The early-morning alarms were always going to be worth it. For the families gathering at Heathrow Airport’s Terminal 5 as dawn broke on Monday, it was the first time seeing their loved ones in as many as three years.
As of 4am on Monday morning, fully-vaccinated arrivals from the United States and the 27 EU countries were no longer required to quarantine, opening the door to leisure travel and long-awaited reunions.
Despite the relaxation of quarantine requirements, uncertainty continues around international travel, with Boris Johnson being warned not to create a new category in the traffic light system.
Watch: US/EU vaccinated arrivals can enter England
The rumoured amber watchlist would apply to countries at risk of being moved into the red category - which requires hotel quarantine for 10 days at a cost of £1,750 for an adult - potentially delaying family reunions further.
Though, you could not put a price on the scenes at the UK's biggest airport on Monday morning.
Karen Tyler, 57, last saw Jonathan, 27, in autumn 2019 when he was back in the UK on a brief visit from Houston.
“He's here to see family and his grandma who's not so well, so hopefully he'll get to see her and spend time with her,” she said.
“Aunties, cousins... everybody he's not been able to see in so long. I just can't wait.”
Mrs Tyler admitted that she did not allow herself to get excited until she woke up on Monday morning.
“I didn’t know if they were going to make it, I didn’t know if they were going to put more restrictions on. I just can’t believe it’s happening after so long… we had to cancel twice last year. FaceTime just isn’t the same.”
The tears began to flow shortly after 8am when Jonathan finally emerged with his luggage more than half an hour after his flight landed, running into his mother’s arms as soon as he saw her.
Mrs Tyler was not the only mother finally able to see her expat son in person.
Watch: Pinging causes 'chaos' at border control
'My stomach's been going mad'
Deborah Greaves, 60, an office manager, was reunited with her son Joshua, 30 - who lives in Sweden with his American wife - for the first time in more than a year.
“I was supposed to go out at the very beginning of it all and I had to cancel,” she said.
“He's got to work and study so we'll work around that. But we'll spend lots of time together as a family - his brother's very excited to see him.
“I caught him for a day when he came over last summer but he's here for a month now. My stomach's been going mad… I don’t know whether to be sick or to cry.”
Others had waited even longer. Ray and Sharon Wilson, both 57, were there with their son Mitchell, 27, and his partner Shaughna, 25, to greet their son Rhys and three-year-old granddaughter Olivia, who live in New Orleans, for the first time in 21 months.
“It’s a long time in someone’s life especially with kids when they’re at that formative stage. My wife and I normally go out there three times a year, so we’ve never actually been apart from them for this long,” Mr Wilson said.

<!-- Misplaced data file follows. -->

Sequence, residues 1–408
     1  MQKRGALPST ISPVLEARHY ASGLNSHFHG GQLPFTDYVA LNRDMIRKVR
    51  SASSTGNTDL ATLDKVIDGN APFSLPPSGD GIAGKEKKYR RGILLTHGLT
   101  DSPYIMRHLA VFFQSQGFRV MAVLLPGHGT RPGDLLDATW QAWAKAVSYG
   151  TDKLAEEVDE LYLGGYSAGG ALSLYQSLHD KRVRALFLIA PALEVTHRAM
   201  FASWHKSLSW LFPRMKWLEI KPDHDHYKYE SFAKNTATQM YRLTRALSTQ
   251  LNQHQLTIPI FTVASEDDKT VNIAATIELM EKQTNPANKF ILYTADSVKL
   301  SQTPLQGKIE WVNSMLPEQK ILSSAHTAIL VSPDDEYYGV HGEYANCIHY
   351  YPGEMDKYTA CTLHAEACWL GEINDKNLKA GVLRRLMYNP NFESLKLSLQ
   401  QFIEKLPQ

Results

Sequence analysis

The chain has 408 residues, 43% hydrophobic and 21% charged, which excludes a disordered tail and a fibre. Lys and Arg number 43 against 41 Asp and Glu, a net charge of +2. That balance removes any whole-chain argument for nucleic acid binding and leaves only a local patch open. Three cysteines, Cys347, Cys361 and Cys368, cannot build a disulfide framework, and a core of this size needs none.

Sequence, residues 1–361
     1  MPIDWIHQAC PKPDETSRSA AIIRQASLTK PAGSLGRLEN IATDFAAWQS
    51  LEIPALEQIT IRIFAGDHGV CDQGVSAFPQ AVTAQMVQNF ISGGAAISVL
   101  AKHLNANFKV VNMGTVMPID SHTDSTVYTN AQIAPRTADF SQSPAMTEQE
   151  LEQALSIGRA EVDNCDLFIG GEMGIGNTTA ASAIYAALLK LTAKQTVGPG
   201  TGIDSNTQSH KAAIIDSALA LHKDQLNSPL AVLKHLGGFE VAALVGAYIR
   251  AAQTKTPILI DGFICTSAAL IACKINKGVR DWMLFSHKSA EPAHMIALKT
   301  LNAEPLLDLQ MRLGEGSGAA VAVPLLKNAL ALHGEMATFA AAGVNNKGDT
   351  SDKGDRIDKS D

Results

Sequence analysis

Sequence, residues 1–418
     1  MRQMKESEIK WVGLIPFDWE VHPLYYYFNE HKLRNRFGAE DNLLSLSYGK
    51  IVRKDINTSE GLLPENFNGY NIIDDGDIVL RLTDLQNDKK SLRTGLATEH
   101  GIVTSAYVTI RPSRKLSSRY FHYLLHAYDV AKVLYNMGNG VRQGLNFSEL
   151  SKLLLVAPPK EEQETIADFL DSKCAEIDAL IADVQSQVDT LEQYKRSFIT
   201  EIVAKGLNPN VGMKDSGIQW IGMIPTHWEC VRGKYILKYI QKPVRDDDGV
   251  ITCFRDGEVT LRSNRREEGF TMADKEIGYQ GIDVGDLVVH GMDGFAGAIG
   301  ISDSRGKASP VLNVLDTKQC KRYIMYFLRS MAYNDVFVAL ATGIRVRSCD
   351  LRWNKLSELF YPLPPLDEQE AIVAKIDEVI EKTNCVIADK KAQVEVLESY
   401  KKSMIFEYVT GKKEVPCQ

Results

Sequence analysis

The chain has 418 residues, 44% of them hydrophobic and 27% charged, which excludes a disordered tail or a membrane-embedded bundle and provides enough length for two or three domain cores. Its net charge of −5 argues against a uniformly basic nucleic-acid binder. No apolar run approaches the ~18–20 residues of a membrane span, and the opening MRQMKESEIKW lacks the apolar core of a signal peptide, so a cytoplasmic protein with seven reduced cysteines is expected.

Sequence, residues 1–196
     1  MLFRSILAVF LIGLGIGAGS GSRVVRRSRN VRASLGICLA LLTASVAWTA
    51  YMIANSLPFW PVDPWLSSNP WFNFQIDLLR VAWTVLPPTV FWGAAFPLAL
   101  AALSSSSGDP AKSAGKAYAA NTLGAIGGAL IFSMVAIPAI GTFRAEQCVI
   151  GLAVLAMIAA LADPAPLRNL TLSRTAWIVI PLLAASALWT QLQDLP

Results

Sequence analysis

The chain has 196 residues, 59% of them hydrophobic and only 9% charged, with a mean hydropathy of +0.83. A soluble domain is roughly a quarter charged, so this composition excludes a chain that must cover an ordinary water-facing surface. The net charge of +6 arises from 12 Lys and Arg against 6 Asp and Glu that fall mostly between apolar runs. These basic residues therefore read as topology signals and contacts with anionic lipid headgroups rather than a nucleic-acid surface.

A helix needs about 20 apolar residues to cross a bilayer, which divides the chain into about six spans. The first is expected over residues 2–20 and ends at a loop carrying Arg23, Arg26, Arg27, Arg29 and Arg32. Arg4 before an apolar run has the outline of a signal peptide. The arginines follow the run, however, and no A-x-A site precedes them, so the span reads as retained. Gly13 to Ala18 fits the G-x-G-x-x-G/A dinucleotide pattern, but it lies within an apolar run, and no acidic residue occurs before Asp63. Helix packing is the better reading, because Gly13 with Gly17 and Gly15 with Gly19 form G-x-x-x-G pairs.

“It’s just not been the same calling them on Zoom,” his wife added. “And children get bored of you on there! Sometimes they’ll chat for two hours but then other times we’ve rang they’ll leave the phone on and just walk off. We’re really going to treasure these moments.”
Sisters Julie, Dawn and Jackie Jones, aged 53, 59 and 57 respectively, were together again for the first time in two years as Dawn flew in from Chicago for a month-long holiday.
"We haven't seen each other since our father died which was very sad," Julie said. "We're finally going to scatter his ashes at the Liverpool Docks because he was a sailor. We're going to party like there's no September."
"I'm here for a month and it's my birthday, it's Jackie's birthday so we're going to enjoy lots of time together with the family," Dawn added.
The sisters plan to head for Anfield watch their first Liverpool game together at the start of next month now that capacity crowds have returned to sporting and live events.
Steven and Claire Frohlich, 55 and 58, were waiting for their daughter Louise, 20, who had had been out in New Orleans for two months on an education visa.
'Beer for breakfast'
“Nobody else was allowed to go and it's pure luck that she was on this flight and doesn't have to isolate,” Mr Frohlich said. “A month ago we didn't know what was going to happen, so it's turned out very, very well. Louise wants a beer for breakfast because she's been underage while in the States.”
Mrs Frohlich added: “We have a grandson in Dubai who is only a month old and we can't get out there and they can't get here. It's not a nice situation but at least Louise is back to us now. My biggest fear was she wouldn't be able to and it's just turned out so well.”
For John Holland-Kaye, chief executive of Heathrow, the emotional scenes on show were “what international travel is all about.”
“This will help reconnect families as well as reconnecting businesses with their customers,” he said. “The benefit of the UK’s vaccine rates are that we can open up and get our lives back to normal again.”
Watch: How will allowing fully vaccinated US and EU travellers into the UK work?